This modification of ‘camera reality’ happens all the time in photography. If you have used a slower shutter speed to blur water, or used a really fast shutter to freeze water you are guilty of modifying this reality. Yet it is accepted because you can do it in camera, the stretched out butte in the photo below was done in camera just by placing it on the edge of the frame, if I posted this photo by itself rather than blended into another, is it suddenly acceptable?

I also changed the mood of this photo through the use of color toning and burning/dodging to convey what I felt standing there. It felt dark and foreboding as storms were moving in and out of the area, and I wanted the photo to convey this feeling.

The vast majority of us are not photojournalists, we are artists. As artists we should not be held by the same code of conduct that a photojournalist is held to. This is an important distinction that needs to go mainstream, everyone should know the difference between a photojournalist that is documenting vs. an artistic photographer that is conveying their vision of the world onto a two dimensional medium.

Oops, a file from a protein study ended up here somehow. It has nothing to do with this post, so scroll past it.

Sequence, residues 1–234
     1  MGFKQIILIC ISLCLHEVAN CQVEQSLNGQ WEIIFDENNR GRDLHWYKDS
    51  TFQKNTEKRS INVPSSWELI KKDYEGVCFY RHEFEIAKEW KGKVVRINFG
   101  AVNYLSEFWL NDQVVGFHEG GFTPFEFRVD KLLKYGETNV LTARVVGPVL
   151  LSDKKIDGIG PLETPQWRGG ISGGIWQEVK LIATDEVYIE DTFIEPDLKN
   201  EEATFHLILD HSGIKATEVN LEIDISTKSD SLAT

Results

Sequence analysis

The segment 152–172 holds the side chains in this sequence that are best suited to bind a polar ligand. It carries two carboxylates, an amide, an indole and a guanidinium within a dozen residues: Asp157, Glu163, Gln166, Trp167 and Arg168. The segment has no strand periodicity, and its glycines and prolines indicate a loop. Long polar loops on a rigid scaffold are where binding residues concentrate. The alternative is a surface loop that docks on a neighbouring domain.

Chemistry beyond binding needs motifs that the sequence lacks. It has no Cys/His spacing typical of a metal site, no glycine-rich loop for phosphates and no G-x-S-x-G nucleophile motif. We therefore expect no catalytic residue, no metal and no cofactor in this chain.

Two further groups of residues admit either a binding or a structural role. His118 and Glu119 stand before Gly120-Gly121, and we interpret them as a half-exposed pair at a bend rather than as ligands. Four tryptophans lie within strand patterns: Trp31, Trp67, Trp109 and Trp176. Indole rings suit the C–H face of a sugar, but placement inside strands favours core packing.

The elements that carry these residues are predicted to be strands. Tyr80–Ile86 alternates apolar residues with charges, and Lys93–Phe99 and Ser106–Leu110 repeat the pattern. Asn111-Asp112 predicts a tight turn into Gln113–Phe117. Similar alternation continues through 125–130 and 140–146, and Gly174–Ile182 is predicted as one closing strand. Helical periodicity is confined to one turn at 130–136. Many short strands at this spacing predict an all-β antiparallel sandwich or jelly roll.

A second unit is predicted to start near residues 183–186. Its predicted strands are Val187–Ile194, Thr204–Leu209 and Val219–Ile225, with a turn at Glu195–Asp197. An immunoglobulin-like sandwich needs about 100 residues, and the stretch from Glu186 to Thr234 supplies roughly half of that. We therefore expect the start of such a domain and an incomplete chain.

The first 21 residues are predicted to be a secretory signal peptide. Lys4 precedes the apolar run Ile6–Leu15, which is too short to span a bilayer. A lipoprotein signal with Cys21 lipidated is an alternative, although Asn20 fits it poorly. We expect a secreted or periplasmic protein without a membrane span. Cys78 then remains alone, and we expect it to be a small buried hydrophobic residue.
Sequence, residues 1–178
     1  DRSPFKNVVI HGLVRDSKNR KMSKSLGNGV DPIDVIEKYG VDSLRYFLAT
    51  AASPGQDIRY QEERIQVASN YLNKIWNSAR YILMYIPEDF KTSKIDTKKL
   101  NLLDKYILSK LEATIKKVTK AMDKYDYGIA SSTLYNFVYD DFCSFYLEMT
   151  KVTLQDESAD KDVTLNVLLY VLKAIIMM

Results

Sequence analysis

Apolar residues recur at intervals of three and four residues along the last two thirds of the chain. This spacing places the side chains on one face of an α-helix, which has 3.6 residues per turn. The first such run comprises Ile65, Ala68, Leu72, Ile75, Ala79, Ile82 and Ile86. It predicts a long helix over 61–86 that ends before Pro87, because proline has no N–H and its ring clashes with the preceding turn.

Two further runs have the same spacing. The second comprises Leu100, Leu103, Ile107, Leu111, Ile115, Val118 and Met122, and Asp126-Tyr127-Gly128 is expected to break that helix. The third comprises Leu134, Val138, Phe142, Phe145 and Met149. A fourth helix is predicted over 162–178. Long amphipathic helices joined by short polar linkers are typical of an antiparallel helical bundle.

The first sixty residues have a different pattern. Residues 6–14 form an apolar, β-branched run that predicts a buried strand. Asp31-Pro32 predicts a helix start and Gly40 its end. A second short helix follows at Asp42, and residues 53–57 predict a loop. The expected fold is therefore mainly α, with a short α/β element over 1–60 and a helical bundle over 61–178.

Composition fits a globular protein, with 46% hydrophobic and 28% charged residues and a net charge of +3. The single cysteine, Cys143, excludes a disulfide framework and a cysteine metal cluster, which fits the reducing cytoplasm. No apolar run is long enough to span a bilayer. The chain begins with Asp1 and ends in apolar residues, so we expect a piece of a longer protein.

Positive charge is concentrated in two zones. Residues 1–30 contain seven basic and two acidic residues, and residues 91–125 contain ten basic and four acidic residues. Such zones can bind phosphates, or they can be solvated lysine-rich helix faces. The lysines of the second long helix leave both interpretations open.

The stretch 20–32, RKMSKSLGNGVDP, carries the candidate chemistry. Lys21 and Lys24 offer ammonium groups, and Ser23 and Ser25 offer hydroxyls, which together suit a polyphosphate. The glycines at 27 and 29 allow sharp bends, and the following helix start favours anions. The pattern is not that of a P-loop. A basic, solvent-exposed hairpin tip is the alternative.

This leads to a discussion of whether we should disclose what we have done to an image in post processing. I believe that it is not necessary unless the modifications were so dramatic that the scene could never be experienced in reality, like putting in a moon when you are clearly facing North. This leads to false expectations of reality and therefore should be disclosed. I do not feel that we need to disclose if we exposure blended, burn/dodged, perspective corrected, etc. I feel this diminishes our legitimacy as an art form, would you expect a painter to reveal the specific paints, brushes, or techniques they used to achieve a painting? I do feel it is valuable to share this information for the benefit of new photographers, it can be frustrating seeing photographs that you are unable to produce because you either do not know how to achieve it, or you feel uncomfortable doing it because the purists will call you out, and try to belittle your work. The general public does not need to know how an image has been modified in the realms of artistic photography, they only need to know that it is art, and the artists interpretation of what they saw, not what the camera saw.